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    "Death is no more than passing from one room into another." – HELEN KELLER

Liderc

The Liderc may appeal to the sexual interests of readers. This vampire-like being share a similar quality with the Succubus or Incubus. They tend to "love someone to death" with sexual activities.

According to Hungarian folklore, there are three varieties of Liderc. The first and more traditional form is that of the csodacsirke. One hatches from the first egg of a black hen kept warm under the armpit of a human (there are variations of this). It can take form of a chicken or human but always has one goose foot. The Lidérc attaches themselves to people and becomes their lover. If the owner happens to be a woman, they will morph into a man. However, it doesn't have the desire to pleasure the woman. Instead, it fondles her, sits on her body and sucks her blood, making her sick and weak. It also carries out tasks to find treasure. This generous gesture would soon become annoying as it demands more work constantly. There are two ways to rid yourself of this Liderc. You can give it an impossible task such as hauling sand with a rope, or lock it into a hollow tree.

The second form known as földi ördög shares some qualities with the first one. It can be hatched from a black hen's egg, but it's mostly found in glass bottles, rags, and pockets of old clothing. They can also make their owners rich but they supposedly give their souls to the Liderc or possibly the Devil. Doesn't seem worth it.

The third and final variety is a Satanic Lover called ördögszerető (though they have many names throughout different regions). They appear as a fiery light or a bird of fire flying in the night sky and sprinkling flames. It can take the shape of a human, usually of a dead relative or lover, and leaves footprints of a horse. They enter chimneys or keyholes, bringing sickness to their victims. The only way to bar them from your home is to burn incense and birch branches.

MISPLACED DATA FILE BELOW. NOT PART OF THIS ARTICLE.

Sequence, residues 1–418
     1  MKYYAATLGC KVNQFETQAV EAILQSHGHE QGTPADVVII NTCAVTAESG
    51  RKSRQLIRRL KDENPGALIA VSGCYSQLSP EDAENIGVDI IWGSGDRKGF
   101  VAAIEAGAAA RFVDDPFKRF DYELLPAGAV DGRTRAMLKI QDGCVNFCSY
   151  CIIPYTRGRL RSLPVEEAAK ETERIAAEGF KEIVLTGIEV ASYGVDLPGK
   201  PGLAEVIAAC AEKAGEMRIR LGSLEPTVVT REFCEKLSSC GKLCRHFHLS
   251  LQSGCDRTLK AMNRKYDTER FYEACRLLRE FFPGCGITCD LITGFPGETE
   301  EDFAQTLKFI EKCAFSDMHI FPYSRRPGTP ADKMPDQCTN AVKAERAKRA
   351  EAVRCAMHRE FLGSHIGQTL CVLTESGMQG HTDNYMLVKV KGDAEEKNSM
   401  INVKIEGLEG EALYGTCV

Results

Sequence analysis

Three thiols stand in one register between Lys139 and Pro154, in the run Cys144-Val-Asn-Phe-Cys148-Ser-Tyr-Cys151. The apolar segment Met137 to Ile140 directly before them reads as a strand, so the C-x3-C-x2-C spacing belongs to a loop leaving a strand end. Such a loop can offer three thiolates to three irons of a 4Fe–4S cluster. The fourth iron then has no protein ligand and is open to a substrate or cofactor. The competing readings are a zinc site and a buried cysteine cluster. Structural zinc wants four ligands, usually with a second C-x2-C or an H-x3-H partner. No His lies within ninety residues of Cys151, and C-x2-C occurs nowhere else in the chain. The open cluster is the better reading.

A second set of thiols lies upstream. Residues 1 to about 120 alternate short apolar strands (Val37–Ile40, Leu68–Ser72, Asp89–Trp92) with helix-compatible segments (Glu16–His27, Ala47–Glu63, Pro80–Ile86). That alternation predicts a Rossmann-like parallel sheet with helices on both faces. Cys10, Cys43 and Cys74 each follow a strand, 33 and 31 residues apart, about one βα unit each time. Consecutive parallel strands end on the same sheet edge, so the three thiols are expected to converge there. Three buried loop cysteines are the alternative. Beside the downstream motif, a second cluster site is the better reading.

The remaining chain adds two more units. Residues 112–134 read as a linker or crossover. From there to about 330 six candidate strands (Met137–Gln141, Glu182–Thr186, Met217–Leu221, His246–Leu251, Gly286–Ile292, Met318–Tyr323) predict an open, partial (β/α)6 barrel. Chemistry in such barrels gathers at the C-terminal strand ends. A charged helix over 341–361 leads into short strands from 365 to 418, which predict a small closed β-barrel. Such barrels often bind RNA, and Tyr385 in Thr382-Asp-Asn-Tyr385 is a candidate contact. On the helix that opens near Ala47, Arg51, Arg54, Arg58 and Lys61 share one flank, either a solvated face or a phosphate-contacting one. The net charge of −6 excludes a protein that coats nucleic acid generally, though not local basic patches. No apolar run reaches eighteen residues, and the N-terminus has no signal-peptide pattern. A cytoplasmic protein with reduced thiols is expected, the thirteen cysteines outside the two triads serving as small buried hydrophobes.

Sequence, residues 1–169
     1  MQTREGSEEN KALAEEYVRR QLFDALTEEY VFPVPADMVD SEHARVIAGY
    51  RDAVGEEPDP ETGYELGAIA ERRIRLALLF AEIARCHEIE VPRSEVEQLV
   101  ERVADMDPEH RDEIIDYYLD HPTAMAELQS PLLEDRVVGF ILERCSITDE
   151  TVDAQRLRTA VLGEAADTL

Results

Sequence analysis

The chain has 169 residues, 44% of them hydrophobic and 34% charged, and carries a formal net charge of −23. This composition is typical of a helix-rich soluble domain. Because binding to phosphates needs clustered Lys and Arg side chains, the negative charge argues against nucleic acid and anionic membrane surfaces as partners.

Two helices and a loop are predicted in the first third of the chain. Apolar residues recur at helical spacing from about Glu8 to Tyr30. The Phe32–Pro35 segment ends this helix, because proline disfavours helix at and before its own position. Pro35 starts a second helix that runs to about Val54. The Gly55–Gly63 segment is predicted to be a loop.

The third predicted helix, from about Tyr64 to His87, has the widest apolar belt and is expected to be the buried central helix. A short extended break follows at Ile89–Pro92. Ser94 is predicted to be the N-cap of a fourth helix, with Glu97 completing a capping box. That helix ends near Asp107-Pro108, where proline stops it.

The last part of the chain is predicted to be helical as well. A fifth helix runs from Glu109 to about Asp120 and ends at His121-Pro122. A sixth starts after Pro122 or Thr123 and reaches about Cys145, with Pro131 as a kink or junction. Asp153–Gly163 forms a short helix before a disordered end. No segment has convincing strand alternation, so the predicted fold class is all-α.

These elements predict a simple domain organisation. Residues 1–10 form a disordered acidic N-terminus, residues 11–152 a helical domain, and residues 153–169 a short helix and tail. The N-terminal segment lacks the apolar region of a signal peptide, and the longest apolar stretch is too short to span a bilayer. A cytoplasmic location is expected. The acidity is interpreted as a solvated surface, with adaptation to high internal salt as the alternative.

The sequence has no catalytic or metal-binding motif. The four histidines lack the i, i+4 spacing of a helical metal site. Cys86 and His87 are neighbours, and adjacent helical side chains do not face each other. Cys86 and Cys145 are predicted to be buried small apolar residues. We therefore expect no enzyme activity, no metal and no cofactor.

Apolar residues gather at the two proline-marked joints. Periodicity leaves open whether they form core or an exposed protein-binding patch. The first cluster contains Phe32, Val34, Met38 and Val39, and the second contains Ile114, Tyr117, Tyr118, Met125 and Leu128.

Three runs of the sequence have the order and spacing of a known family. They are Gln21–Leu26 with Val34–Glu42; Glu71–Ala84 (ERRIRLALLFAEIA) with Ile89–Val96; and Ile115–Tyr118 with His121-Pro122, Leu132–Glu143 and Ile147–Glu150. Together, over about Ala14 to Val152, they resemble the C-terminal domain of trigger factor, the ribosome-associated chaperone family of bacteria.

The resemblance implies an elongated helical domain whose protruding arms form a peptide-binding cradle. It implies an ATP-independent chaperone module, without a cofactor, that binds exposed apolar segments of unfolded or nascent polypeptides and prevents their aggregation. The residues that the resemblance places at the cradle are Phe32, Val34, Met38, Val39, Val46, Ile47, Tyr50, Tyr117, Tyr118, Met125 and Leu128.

Happy Halloween

Be safe and have a great Halloween!

Oak Alley Plantation

When you first look upon Oak Alley Plantation in Vacherie, Louisiana, it's a home out of the movies. In this case, that statement is more true than anything. Oak Alley has appeared in films such as Primary Colors, Interview with the Vampire and more recently Stay Alive. But is such a beauty haunted?

Oak trees line the walk and frame the house, adding to its exterior appeal. Planted 300 years ago, they may have brought the same to another home owned by a French traveler. Jacques Telesphore Roman met and married Marie Therese Josephine Celina Pilie in 1834. They purchased the house in 1836 and Celina's father Joseph Pilie, an architect, possibly provided the design. The house took approximately two years to complete. In the end, Celina Roman named their beautiful home "Bon Sejour" but travelers dubbed it Oak Alley for the avenue of mighty oaks.

Jacques died in 1848 from tuberculosis, leaving Celina to manage the business affairs. She was inexperienced and her incessant spending helped begin the downslide for the Roman family among Creole Society. Henri, her only son, was forced to sell the plantation at auction in 1866 where John Armstrong purchased it. The family continued to live there for administrative purposes for awhile. In 1881, Portugal native and Confederate veteran Antoine Sobral bought Oak Alley. More than twenty years later, the plantation traded hands again. Many people tried to turn it into a respectable business but failed. In 1925, Andrew and Josephine Stewart bought and paid to restore the house. After two years, they realized it's historic value and open it to the public.